If a new bill authorizing the use of weaponized drones passes, Connecticut police officers would have the ability to use the flying machines to kill. What could possibly go wrong?
The bill authorizing police use of “deadly” drones passed 34-7 in the state Legislature’s joint Judiciary Committee Wednesday. It is now pending action by the state House of Representatives, where it will be sent for debate and a vote, neither of which has been scheduled.
CNN reports that the law was originally written to ban the use of weaponized drones after a state resident, Austin Haughwout, attached a handgun and flamethrower to his drone on separate occasions.
From this, police got the bright idea to use the lethal machines for themselves. The bill to ban weaponized drones for citizens now includes an amendment that would allow police officers to attach their own weapons to drones, ostensibly to kill terrorists.
William Tong, co-chair of the Judiciary Committee, told CNN that the entire bill is intended to improve public safety. Tong explained that under the proposed law, the Police Officers Standards and Training Council would be responsible for creating guidelines on how officers should use drones.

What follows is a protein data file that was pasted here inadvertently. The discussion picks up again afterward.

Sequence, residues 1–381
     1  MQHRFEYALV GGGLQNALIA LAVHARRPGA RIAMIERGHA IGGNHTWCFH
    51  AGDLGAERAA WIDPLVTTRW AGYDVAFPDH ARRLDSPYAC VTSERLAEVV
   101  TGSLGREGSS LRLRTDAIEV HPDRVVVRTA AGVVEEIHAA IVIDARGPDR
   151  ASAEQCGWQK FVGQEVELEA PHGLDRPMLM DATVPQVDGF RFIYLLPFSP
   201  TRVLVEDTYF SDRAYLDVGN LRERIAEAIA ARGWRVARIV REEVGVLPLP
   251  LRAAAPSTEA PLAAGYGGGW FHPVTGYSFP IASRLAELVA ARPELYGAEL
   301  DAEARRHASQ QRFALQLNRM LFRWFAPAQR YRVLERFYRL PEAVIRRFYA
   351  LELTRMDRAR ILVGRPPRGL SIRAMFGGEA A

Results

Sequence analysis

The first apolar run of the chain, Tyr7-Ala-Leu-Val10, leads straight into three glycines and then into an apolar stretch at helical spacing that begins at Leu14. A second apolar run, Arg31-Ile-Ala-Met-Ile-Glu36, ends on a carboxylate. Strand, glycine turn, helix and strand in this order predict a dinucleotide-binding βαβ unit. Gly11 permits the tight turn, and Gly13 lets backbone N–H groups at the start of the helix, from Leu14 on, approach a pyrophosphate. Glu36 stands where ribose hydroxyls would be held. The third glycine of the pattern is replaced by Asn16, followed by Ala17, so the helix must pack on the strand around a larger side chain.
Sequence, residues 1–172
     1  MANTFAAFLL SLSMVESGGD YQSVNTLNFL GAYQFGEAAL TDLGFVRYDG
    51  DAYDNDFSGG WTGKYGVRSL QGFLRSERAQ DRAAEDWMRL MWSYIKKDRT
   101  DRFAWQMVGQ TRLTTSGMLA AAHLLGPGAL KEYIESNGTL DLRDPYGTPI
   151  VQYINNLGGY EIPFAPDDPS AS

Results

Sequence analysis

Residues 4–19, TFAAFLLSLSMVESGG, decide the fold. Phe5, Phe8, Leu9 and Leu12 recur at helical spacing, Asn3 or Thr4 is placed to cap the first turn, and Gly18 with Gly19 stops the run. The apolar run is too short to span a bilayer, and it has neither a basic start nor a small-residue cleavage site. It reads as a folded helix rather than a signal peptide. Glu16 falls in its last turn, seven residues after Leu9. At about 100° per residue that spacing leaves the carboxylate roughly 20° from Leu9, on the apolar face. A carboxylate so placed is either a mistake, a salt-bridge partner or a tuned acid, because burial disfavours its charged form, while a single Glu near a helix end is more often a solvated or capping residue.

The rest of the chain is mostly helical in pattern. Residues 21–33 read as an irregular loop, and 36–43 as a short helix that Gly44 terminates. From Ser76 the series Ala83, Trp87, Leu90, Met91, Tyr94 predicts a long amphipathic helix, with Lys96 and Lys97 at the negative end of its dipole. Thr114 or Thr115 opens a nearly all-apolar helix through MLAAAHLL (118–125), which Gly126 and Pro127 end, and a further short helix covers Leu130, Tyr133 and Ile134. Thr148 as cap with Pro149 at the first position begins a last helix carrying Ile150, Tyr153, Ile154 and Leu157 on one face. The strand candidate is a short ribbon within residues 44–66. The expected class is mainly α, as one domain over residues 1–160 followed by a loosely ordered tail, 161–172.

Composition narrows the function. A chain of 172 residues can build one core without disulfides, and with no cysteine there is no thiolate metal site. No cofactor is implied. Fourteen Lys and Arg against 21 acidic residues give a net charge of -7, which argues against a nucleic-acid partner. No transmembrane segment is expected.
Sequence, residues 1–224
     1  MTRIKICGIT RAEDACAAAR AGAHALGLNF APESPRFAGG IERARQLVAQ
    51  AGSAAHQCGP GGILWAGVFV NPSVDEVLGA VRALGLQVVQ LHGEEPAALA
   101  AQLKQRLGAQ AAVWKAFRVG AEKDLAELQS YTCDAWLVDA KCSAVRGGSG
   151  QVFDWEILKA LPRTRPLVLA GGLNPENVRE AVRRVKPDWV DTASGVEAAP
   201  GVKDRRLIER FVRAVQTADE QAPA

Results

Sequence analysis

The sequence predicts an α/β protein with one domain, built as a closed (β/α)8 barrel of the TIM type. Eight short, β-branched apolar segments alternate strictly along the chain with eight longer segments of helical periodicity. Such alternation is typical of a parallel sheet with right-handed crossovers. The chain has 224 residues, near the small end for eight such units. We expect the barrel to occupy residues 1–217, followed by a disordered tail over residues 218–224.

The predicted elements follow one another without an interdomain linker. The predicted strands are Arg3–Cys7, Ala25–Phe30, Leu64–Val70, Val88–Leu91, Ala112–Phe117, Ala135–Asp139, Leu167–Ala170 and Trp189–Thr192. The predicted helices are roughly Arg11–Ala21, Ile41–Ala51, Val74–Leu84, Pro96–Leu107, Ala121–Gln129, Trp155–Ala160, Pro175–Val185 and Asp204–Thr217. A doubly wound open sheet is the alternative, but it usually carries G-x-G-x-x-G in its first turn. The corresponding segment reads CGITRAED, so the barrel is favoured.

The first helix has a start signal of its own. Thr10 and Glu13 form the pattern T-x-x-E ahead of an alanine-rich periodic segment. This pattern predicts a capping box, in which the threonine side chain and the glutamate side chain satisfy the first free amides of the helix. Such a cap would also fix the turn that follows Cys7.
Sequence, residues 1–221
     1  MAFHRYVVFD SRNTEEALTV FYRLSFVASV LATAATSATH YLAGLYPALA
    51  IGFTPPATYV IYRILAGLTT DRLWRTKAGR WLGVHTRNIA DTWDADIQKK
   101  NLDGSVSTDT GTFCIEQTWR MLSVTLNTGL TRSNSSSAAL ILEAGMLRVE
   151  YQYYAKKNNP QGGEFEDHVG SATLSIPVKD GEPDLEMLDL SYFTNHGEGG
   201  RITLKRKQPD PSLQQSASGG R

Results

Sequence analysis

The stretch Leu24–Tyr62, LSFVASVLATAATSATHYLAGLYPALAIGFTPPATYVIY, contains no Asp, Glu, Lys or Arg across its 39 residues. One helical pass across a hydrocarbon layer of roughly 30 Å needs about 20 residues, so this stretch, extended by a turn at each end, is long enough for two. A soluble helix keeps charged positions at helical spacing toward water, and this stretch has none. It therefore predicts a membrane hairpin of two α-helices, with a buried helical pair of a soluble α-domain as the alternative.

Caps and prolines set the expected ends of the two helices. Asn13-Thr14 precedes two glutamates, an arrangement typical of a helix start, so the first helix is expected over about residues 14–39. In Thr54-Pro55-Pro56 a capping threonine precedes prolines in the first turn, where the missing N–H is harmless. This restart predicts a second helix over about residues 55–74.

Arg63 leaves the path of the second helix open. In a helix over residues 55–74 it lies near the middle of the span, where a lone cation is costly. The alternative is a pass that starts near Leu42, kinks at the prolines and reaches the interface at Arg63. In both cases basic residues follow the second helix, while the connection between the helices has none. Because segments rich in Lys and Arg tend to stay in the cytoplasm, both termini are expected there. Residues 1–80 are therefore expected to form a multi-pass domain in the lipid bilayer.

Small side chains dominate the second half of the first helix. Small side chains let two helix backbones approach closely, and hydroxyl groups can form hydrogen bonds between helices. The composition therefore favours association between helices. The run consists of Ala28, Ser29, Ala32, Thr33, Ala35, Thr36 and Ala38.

The guidelines would be sent back to the state Legislature for final approval.
A member the Connecticut Police Chiefs Association, a police union, says the drones would not be used to harm citizens but to protect them.
“No one is looking for law enforcement to arm drones for offensive purposes,” said Farmington Police Chief Paul Melanson. “The police didn’t want to preclude any possibility in the future of using the drones to protect citizens.”
But many are already up in arms (ahem) about the potential law. The head of the American Civil Liberties Union of Connecticut, David McGuire, said that there is potential for abuse.
“We’ve seen some police in Connecticut use disproportionate force against people of minorities, and we think that drones would exacerbate this problem,” McGuire told CNN. “We’ve been working hard to try and re-establish trust in law enforcement, and this bill sends the wrong message.”